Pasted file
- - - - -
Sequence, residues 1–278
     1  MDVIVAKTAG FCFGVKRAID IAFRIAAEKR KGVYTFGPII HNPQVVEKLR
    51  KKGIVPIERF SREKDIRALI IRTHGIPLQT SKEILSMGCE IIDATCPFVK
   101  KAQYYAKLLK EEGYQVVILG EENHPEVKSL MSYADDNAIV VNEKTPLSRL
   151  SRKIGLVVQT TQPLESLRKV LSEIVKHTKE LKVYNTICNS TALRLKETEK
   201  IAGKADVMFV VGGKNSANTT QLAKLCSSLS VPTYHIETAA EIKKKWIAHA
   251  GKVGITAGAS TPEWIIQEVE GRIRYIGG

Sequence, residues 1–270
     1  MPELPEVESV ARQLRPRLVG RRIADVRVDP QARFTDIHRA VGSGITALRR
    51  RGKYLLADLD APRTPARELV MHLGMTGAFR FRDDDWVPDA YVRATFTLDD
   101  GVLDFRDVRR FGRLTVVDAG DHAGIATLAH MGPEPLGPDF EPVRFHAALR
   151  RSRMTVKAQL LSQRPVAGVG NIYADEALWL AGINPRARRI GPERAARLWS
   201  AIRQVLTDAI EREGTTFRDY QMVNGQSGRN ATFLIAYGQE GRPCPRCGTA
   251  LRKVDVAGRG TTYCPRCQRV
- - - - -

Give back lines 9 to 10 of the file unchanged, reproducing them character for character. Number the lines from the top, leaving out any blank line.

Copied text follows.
     1  MPELPEVESV ARQLRPRLVG RRIADVRVDP QARFTDIHRA VGSGITALRR
    51  RGKYLLADLD APRTPARELV MHLGMTGAFR FRDDDWVPDA YVRATFTLDD